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Is main() overloaded in C++?

here's my code:

#include <iostream>

int main(void* a, void* b)
    std::cout << "hello standalone " << std::endl;                      
    return 0;

different parameters should have a different symbol name after name mangling(void* a, void* b) should be different from (int, char**), but this program doesn't have any problem when running.

Why is that?

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marked as duplicate by iammilind, glglgl, Nawaz, casperOne May 23 '12 at 20:51

This question has been asked before and already has an answer. If those answers do not fully address your question, please ask a new question.

You must have a very basic compiler not to complain about this code –  Rohit May 23 '12 at 8:12

2 Answers 2

Because main is a special case, and the compiler generates special code for it. Typically, main will be called from a startup routine—often called crt0 in older compilers—written in C, so the compiler will generate main as if it were declared extern "C". But that's in no way required; it's a just a typical implementation.

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Do you have any reference to prove it's a specia case? –  new_perl May 23 '12 at 8:02
Interesting crt0 has a wikipedia article. –  Jesse Good May 23 '12 at 8:04
Typical nm output: 000000000040dca9 T main; which confirms it is not mangled at all. –  Matthieu M. May 23 '12 at 8:05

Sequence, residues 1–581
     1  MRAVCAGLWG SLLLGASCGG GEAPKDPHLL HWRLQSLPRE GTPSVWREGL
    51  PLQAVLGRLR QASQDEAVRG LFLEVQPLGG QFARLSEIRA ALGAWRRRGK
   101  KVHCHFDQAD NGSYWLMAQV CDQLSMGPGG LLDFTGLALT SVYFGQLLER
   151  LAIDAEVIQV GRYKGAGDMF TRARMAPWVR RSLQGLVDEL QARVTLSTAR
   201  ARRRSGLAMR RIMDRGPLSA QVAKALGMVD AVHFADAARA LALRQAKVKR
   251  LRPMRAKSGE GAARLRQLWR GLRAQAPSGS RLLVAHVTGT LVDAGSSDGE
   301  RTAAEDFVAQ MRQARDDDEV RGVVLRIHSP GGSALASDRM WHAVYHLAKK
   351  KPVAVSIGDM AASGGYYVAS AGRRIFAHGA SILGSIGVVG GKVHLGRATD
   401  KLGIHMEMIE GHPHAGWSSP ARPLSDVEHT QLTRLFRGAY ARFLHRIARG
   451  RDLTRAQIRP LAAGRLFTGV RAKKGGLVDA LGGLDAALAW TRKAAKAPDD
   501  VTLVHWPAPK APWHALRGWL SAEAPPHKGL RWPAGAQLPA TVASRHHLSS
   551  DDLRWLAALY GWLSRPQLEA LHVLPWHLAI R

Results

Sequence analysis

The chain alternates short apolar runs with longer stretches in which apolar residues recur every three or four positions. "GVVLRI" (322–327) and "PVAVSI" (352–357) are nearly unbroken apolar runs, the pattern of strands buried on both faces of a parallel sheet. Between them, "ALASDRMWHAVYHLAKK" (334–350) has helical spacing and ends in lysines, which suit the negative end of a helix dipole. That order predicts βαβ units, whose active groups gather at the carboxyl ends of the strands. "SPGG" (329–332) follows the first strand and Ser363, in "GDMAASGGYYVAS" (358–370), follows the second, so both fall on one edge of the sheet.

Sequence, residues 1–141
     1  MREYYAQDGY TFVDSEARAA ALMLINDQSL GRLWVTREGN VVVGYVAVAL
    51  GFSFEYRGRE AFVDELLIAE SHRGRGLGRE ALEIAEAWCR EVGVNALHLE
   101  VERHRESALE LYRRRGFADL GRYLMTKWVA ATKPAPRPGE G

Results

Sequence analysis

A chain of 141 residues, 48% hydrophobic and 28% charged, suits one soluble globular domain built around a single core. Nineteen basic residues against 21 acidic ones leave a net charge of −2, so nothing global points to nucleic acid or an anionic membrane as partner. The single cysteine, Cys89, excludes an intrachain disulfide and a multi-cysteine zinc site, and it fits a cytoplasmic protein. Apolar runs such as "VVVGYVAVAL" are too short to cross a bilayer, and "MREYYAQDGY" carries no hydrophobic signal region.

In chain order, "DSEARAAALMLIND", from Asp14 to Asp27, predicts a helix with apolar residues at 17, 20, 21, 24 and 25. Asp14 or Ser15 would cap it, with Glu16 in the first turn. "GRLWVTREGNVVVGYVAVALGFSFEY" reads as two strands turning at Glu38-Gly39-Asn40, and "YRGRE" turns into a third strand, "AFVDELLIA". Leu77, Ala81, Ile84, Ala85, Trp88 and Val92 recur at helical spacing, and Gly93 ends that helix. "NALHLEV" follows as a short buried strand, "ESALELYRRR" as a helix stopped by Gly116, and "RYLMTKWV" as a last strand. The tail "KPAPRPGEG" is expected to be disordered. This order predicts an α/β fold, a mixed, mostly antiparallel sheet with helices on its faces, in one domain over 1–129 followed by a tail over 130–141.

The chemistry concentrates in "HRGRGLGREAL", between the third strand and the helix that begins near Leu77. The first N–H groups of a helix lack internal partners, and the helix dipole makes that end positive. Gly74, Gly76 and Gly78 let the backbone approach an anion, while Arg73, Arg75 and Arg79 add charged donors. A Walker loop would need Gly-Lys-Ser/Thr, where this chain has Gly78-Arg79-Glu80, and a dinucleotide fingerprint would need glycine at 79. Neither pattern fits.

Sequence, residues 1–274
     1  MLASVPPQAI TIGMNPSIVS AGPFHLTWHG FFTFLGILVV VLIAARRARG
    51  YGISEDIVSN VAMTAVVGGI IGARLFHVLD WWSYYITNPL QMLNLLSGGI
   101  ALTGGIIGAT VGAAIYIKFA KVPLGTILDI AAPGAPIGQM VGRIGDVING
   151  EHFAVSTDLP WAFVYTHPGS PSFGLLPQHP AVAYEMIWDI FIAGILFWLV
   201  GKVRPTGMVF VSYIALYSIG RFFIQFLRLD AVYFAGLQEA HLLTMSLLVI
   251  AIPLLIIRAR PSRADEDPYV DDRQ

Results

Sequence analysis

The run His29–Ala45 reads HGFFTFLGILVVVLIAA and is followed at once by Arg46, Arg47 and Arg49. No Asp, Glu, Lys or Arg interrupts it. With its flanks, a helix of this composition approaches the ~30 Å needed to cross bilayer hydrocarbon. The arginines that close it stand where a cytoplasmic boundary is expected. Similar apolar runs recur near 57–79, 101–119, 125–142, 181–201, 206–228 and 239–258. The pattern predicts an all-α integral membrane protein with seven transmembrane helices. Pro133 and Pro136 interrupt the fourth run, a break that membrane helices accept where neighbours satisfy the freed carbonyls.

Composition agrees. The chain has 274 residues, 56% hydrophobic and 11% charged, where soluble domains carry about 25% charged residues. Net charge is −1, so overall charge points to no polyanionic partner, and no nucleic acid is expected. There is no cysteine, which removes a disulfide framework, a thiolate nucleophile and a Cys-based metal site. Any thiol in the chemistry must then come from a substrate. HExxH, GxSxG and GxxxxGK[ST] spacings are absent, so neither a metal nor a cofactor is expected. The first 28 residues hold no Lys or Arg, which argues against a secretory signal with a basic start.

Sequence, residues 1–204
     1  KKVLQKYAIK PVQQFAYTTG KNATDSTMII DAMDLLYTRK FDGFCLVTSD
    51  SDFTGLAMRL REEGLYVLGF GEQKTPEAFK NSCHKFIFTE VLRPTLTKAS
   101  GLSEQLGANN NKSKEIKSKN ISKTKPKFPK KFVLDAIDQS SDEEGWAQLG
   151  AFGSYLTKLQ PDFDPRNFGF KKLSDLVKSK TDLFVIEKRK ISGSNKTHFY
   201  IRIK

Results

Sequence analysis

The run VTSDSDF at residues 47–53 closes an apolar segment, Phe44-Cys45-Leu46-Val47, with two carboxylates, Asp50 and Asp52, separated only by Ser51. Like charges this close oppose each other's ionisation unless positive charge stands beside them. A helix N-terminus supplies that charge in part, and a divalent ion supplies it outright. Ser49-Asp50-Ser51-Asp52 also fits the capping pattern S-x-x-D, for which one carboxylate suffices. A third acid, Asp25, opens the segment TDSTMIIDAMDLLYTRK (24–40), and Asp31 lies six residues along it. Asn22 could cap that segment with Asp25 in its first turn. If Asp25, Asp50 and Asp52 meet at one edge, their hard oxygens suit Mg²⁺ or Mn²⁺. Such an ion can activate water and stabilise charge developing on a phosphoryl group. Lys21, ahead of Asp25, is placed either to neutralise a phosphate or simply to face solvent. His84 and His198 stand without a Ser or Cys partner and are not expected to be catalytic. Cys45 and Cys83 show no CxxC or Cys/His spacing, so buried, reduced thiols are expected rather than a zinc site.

@new_perl §3.6.1 in the standard. The description of main is pretty clear, and it describes something that is not a normal C++ function. –  James Kanze May 23 '12 at 8:10
@JesseGood It's a very poor article, since it suggests something universal, although the very name indicates that it has its origins in C. In fact, crt0.o was the name in early Unix of an object file which specified a start address for the executable, and called a C function main. When C++ came along, it "mangled" main as if it were a C function, so that crt0.o could call it. And some of the early implementations inserted extra code at the start of main to call constructors. –  James Kanze May 23 '12 at 8:14

It depends on the compiler. The standard required signatures for main are:

int main()
int main(int argc, char** argv)
int main(int argc, char* argv[])

But besides these, the compiler is free to provide other signatures as well.

For example, gcc 4.3.4 rejects your code - http://ideone.com/XZp2h

MSVS complains about unresolved externals.

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It seems it always works,no matter what the signatures are, is main treated specially in compilers? –  new_perl May 23 '12 at 7:56
@new_perl it depends on the compiler. –  Luchian Grigore May 23 '12 at 7:56
@new_perl see edited answer. –  Luchian Grigore May 23 '12 at 7:57
oops I just found I'm using llvm-g++-4.2 not gcc..BTW how can there be more than one standard signatures?? –  new_perl May 23 '12 at 7:59
@new_perl Compiler magic. The usual solution is to treat main as if it were extern "C", but a compiler could do more or less anything it wants, as long as the required behavior is met. –  James Kanze May 23 '12 at 8:02

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